10 research outputs found

    Cucurbiturils as fluorophilic receptors

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    <div><p>We report the formation of strong inclusion complexes between the macrocyclic host cucurbit[7]uril (CB7) and more than 20 perfluorinated compounds (PFCs) in aqueous solution. The binding constants and structures of the complexes were determined through a combination of dye displacement titrations, <sup>19</sup>F as well as <sup>1</sup>H NMR spectroscopy, and quantum chemical calculations. The high affinities, for example 1.2 × 10<sup>7</sup> M<sup>− 1</sup> for perfluorohexane and 1.1 × 10<sup>8</sup> M<sup>− 1</sup> for perfluoro(methylcylohexane), are driven, among others, by the low polarisability of the cucurbituril cavity, which favours the binding of non-polarisable guests such as PFCs. The complexation-induced chemical shifts of the <sup>19</sup>F resonances are downfield in cases where a conformational flexibility allows the (partial) interconversion of <i>gauche</i> conformations (favoured in water) to <i>anti</i> conformations (favoured inside the cavity of CB7). Only for conformationally rigid substrates, for example SF<sub>6</sub> and (CF<sub>3</sub>)<sub>3</sub>COH, upfield shifts prevail. These are attributed to the low polarisability of the inner cavity, similar to the upfield shifts observed for <sup>19</sup>F resonances upon going from highly polarisable to less polarisable solvents. Cucurbituril homologues (CB5, CB6 and CB8) were also studied and, among those, evidence for the formation of inclusion complexes was observed for CB6 as host and CF<sub>4</sub>, SF<sub>6</sub> and CF<sub>3</sub>CH<sub>2</sub>OH as guests. Besides contributing to the fundamental understanding of fluorophilic interactions, the results have implications for PFC separation and for the efficient removal of PFCs from and the sensing of PFCs in aqueous solution.</p></div

    Molecular dynamics simulation study of the structural features and inclusion capacities of cucurbit[6]uril derivatives in aqueous solutions

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    <div><p>Molecular dynamics (MD) simulations were performed for cucurbit[6]uril (CB6) methyl and cyclohexyl derivatives in aqueous solutions. Furthermore, MD simulations have been conducted to study the inclusion complexes between each CB6 derivative with α,ω-pentane diammonium ion (NH<sub>3</sub><sup>+</sup>(CH<sub>2</sub>)<sub>5</sub>NH<sub>3</sub><sup>+</sup>) to estimate the binding free energies, the complex geometries and the intermolecular forces responsible for complex formation. Results show a complete inclusion of the guest molecule in the cavity of the host for all complexes. Results also indicate that the guest dynamics inside the cavity of the substituted host is similar to that for the unsubstituted host. This demonstrates that the molecular recognition of the host is not affected by the alkyl substitution at the equator. Also, there is an insignificant conformational change of the macrocyclic structure upon inclusion of the guest. Molecular mechanics/Poisson Boltzmann surface area method was used to estimate the binding free energy of each complex. Results indicate that host–guest electrostatic interactions make the largest contribution to the complex binding free energy. Moreover, van der Waals interactions add significantly to the complex stability. The guest molecules show more or less similar binding free energies with the substituted CB6 that exhibits slightly more negative values than unsubstituted CB6 which is proved also by umbrella sampling.</p></div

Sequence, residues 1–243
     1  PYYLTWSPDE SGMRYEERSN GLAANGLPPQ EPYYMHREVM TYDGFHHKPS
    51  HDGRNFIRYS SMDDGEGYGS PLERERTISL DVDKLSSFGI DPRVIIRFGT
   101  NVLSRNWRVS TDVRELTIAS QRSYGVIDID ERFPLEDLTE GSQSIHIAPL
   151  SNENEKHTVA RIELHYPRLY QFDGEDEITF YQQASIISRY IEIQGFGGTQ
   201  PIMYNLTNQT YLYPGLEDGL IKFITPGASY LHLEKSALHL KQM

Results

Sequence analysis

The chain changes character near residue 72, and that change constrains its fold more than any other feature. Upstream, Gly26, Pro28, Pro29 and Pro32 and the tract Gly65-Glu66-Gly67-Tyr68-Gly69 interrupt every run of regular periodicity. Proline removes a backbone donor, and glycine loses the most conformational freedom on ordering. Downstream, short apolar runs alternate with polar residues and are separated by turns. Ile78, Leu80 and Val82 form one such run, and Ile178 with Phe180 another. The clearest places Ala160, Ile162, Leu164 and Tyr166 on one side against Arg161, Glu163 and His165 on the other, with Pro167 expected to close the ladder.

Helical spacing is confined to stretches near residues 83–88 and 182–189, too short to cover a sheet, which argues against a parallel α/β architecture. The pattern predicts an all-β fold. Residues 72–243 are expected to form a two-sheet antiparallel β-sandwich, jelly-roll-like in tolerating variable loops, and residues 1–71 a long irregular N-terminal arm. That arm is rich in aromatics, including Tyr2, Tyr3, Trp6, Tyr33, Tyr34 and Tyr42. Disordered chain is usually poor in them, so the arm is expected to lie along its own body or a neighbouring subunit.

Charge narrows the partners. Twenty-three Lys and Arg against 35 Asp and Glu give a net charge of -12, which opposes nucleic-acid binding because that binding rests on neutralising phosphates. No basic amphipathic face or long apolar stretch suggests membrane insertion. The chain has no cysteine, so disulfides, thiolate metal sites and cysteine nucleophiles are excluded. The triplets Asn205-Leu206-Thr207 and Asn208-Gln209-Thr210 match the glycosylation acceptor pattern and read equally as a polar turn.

Coulomb Repulsion in Short Polypeptides

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    Coulomb repulsion between like-charged side chains is presently viewed as a major force that impacts the biological activity of intrinsically disordered polypeptides (IDPs) by determining their spatial dimensions. We investigated short synthetic models of IDPs, purely composed of ionizable amino acid residues and therefore expected to display an extreme structural and dynamic response to pH variation. Two synergistic, custom-made, time-resolved fluorescence methods were applied in tandem to study the structure and dynamics of the acidic and basic hexapeptides Asp<sub>6</sub>, Glu<sub>6</sub>, Arg<sub>6</sub>, Lys<sub>6</sub>, and His<sub>6</sub> between pH 1 and 12. (i) End-to-end distances were obtained from the short-distance Förster resonance energy transfer (sdFRET) from N-terminal 5-fluoro-l-tryptophan (FTrp) to C-terminal Dbo. (ii) End-to-end collision rates were obtained for the same peptides from the collision-induced fluorescence quenching (CIFQ) of Dbo by FTrp. Unexpectedly, the very high increase of charge density at elevated pH had no dynamical or conformational consequence in the anionic chains, neither in the absence nor in the presence of salt, in conflict with the common view and in partial conflict with accompanying molecular dynamics simulations. In contrast, the cationic peptides responded to ionization but with surprising patterns that mirrored the rich individual characteristics of each side chain type. The contrasting results had to be interpreted, by considering salt screening experiments, N-terminal acetylation, and simulations, in terms of an interplay of local dielectric constant and peptide-length dependent side chain charge–charge repulsion, side chain functional group solvation, N-terminal and side chain charge–charge repulsion, and side chain–side chain as well as side chain–backbone interactions. The common picture that emerged is that Coulomb repulsion between water-solvated side chains is efficiently quenched in short peptides as long as side chains are not in direct contact with each other or the main chain